By Rachel Raasch
Con; Police aren’t going to far
On Saturday, Aug. 9, Officer Darren Wilson shot Ferguson, Mo., resident Michael Brown after he resisted arrest multiple times. “He had the most intense aggressive face I’ve ever seen on a person,” Wilson said. The unarmed 18-year-old teen charged Wilson even after he had shot him several times. Wilson fired a couple more times but Brown kept rushing toward him.
Police, who are knowledgeable and trained on how to suppress a suspect, should be able to use the amount of force that they know is necessary without public shaming from uneducated people expressing their opinions.
Wilson said that when he tried to open his door Brown slammed it shut and asked, “What the f*** will you do?” Brown then proceeded to punch Officer Wilson in the face. Wilson pulled out his gun and warned Brown that he would shoot him. Brown then grabbed the gun and pointed it at the officer’s hip area.
Today the public struggles with the question, “What is necessary force and what is excessive force?” Excessive force is described as any force beyond what is necessary to arrest a suspect and keep police and bystanders safe. While necessary force depends on one’s opinion.
The issue is that the amount of force used to subdue an unwilling criminal is a judgment call by a police officer. There is no universally accepted definition of what is reasonable force. Therefore, the public tries to debate and argue that a police officer was wrong and did not need to hit or shoot a criminal in order to stop him.
When American citizens hear about a killing during an arrest on the news, they immediately question if this was the right thing to do. No criminals want to be arrested, so at times they will put up a fight, run or threaten a law enforcement officer to avoid being arrested. Any police officer knows that just because he has a gun does not mean he is safe. Officers never know who they are dealing with — the criminal could be a first-time offender or a convicted felon.
According to traditional rule, using deadly force is only allowed in situations where the officer has a reasonable suspicion that the suspect has committed a felony. If it turns out that the suspect had not committed a felony and the officer used deadly force, it will be usually be considered justified in court.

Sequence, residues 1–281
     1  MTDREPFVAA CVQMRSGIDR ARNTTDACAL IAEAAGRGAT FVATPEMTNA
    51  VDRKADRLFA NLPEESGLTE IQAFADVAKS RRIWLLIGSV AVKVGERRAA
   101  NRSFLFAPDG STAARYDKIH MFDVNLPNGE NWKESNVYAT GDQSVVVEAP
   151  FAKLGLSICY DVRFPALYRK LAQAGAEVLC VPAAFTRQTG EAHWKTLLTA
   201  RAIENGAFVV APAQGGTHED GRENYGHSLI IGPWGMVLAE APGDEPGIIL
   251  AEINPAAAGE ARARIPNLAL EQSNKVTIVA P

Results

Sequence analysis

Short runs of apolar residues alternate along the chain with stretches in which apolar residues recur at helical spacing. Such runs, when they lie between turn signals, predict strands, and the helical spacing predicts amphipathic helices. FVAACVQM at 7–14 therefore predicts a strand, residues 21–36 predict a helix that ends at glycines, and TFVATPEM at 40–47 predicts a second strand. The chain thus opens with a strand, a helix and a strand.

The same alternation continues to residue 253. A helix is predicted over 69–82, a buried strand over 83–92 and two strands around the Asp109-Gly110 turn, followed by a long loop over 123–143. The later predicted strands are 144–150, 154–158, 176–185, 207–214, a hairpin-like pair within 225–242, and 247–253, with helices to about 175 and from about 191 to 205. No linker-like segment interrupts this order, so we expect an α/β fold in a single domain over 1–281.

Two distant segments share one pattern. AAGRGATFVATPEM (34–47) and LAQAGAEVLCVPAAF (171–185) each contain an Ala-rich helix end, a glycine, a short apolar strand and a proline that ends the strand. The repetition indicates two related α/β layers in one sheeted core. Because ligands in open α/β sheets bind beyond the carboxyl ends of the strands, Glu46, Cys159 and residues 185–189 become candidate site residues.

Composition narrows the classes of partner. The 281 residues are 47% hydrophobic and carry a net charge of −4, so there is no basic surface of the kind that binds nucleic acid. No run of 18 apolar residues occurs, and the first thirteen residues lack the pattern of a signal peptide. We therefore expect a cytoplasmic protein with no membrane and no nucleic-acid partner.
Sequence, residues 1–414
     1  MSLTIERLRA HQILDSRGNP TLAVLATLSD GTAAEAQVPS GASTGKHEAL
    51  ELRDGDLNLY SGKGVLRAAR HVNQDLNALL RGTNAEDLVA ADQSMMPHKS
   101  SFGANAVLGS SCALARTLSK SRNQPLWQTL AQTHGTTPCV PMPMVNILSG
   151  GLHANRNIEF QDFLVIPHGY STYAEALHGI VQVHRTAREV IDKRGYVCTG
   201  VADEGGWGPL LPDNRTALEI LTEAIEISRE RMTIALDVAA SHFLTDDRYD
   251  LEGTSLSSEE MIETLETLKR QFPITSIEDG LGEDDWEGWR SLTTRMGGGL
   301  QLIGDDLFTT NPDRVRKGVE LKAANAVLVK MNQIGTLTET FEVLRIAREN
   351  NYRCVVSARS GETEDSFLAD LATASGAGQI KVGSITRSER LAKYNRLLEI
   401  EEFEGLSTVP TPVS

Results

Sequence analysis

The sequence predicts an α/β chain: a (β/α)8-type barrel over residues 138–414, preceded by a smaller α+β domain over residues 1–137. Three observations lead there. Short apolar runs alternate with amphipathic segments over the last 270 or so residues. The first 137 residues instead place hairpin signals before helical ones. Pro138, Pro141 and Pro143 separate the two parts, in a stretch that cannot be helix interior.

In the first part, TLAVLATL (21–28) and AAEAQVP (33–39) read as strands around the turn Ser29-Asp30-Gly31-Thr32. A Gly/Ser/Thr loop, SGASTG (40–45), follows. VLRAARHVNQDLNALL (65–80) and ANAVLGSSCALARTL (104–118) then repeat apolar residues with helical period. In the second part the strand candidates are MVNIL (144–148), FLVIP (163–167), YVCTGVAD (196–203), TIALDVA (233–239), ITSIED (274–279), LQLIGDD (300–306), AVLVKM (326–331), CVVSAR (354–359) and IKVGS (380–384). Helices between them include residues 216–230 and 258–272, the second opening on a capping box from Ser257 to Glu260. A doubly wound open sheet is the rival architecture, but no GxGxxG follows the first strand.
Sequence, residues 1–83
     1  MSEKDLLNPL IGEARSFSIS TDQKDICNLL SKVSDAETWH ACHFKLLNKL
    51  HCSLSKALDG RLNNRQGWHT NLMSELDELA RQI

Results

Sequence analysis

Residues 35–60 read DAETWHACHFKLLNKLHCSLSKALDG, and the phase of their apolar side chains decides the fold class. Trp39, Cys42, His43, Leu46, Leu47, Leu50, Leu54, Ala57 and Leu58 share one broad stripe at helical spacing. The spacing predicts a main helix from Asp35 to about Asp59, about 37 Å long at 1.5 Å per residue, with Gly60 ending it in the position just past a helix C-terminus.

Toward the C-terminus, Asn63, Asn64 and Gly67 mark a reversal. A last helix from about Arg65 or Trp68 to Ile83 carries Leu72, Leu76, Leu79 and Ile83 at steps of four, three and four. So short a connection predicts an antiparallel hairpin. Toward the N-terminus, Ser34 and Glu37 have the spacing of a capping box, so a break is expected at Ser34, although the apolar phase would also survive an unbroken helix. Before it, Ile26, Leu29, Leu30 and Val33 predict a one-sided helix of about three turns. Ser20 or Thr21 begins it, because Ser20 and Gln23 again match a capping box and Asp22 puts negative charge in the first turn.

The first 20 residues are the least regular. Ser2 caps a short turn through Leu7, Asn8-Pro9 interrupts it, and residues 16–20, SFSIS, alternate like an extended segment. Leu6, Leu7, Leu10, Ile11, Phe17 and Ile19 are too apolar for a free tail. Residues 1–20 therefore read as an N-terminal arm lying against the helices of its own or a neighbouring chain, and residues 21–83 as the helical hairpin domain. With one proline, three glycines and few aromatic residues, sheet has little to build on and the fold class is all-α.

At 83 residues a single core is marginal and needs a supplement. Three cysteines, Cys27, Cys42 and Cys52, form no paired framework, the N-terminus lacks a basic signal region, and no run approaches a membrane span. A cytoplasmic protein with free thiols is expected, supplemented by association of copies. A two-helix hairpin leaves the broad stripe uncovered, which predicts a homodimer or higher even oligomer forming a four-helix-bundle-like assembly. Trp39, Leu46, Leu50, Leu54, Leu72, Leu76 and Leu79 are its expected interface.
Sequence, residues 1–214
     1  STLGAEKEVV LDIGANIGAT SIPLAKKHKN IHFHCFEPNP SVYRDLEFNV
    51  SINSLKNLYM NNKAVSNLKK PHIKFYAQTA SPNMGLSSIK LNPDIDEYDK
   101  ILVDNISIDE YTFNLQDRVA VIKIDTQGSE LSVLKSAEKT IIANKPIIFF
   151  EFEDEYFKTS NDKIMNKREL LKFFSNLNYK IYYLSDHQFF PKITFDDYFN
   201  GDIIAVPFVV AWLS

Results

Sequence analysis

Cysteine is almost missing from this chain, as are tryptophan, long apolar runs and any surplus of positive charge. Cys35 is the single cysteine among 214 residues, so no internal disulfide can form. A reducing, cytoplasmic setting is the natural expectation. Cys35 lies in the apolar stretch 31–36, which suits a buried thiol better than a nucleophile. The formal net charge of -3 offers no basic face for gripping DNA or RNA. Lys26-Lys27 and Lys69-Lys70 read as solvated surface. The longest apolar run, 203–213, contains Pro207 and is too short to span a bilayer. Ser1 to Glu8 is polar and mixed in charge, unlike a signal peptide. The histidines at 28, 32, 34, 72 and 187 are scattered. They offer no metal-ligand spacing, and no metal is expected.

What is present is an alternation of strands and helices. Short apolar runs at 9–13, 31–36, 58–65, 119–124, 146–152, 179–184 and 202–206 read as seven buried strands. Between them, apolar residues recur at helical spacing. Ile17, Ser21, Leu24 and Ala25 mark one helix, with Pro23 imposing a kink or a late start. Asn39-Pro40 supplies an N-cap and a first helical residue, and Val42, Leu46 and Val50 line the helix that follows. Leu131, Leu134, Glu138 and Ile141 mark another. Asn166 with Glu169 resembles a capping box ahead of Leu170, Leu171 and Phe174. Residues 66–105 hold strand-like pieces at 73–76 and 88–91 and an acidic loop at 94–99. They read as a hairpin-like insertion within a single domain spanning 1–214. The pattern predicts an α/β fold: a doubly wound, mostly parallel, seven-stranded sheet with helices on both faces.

The public can interpret this story in many different ways. Nobody will ever know how Officer Wilson felt and the amount of force he felt was necessary to stop the furious 18-year-old who had the nerve to point a gun at him.
Police officers act the way they do to protect the public, and nobody is there to witness the force needed in a single situation. Only the officer is there to make the right judgment and act on it. The public does not have the right to say that a police officer should have done it differently.
The public loves to pull the race card by saying that what an officer did was in a malicious manner because the suspect or criminal was of a specific race.
In law enforcement agencies 12 percent of officers are African-American and 75 percent are white. Black officers were involved in 10 percent of fatal police shooting. Almost 80 percent of those they killed were black.
White officers are responsible for 91 percent of white fatalities and only 68 percent of color.
Based on these statistics, nobody can say that white officers are out for victims of color or are more likely to kill them. If suspects are threatening an armed officer they are putting their own lives in jeopardy.
By Isabella Perron